“The Gallup study of over 10,000 employees found that followers have four primary needs of their leaders: trust, compassion, stability, and hope. They’re all critical, all the time. But since the outbreak of COVID-19, hope is more valuable than it’s ever been. Because hope is what will get us through this…Gallup finds that employees who strongly agree that their leader makes them feel enthusiastic about the future  (Gallup’s measure of hope in the workplace) are 69 times more likely to be engaged in their work compared with employees who disagree with that statement. And hope is also strongly associated with student success — 85% of K-12 school superintendents say student hopefulness  is a “very important” way to measure the effectiveness of public schools.”

Royal, Ken. (2020). Leading Your Workplace With Hope Through COVID-19Gallup

The staggering thing with the Gallup research is the similarity in the generalized findings from the 2017 research of Professor Paul Zak on ‘The Neuroscience of Trust’.

“My team also found that those working in high-trust companies enjoyed their jobs 60% more, were 70% more aligned with their companies’ purpose.”

Consider how well this aligns with the Gallup statistic that with ‘Hope’ employees were “69 times more likely to be engaged.” Sure this may not be a percentage but both statistics are showing that Trust in employees and giving employees a high degree of Hope, correlates to very high degrees of employee engagement and alignment to the purpose of the organization. Trust and Hope are perhaps cousins or two sides of the same coin. If a person whom you trusted and had given you so much hope, suddenly breached your trust in them, perhaps through a breach of confidentiality, how do you continue to trust them and how would you still be able to accept their hope and vision for the future?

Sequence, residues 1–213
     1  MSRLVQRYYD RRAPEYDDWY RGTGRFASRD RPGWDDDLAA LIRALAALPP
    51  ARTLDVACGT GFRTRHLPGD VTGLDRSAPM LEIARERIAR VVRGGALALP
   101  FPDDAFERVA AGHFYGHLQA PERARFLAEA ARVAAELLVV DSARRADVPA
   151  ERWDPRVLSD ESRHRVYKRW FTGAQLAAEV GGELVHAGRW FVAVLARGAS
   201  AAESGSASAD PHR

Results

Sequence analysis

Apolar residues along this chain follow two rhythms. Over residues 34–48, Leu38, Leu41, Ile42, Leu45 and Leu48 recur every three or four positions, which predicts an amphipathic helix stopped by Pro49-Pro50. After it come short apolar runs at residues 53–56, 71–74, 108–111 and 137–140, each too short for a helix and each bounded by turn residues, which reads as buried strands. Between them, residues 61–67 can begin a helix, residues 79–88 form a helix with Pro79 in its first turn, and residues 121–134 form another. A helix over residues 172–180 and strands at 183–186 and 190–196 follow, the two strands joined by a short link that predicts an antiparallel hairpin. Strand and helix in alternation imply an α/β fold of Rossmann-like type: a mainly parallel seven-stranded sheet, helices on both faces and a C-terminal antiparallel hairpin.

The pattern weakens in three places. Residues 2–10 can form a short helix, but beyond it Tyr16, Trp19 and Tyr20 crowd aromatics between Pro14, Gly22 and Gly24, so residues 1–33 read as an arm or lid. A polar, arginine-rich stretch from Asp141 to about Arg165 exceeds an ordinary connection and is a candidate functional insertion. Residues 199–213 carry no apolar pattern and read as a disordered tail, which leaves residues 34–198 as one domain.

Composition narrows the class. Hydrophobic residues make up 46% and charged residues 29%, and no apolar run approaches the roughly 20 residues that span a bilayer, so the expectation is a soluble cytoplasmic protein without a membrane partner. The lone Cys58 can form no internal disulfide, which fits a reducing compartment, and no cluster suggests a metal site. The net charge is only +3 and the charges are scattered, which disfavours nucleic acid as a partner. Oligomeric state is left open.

The other interesting connection is in Neuroscience between Trust and Hope. The research from Paul Zak indicates that Oxytocin triggers our sense of Trust. In 2016, a team of researchers from Duke University, led by Social Psychologist Patty Van Cappellen, found that Oxytocin can also be the trigger for spiritual awareness/experiences and associated emotions which includes Hope.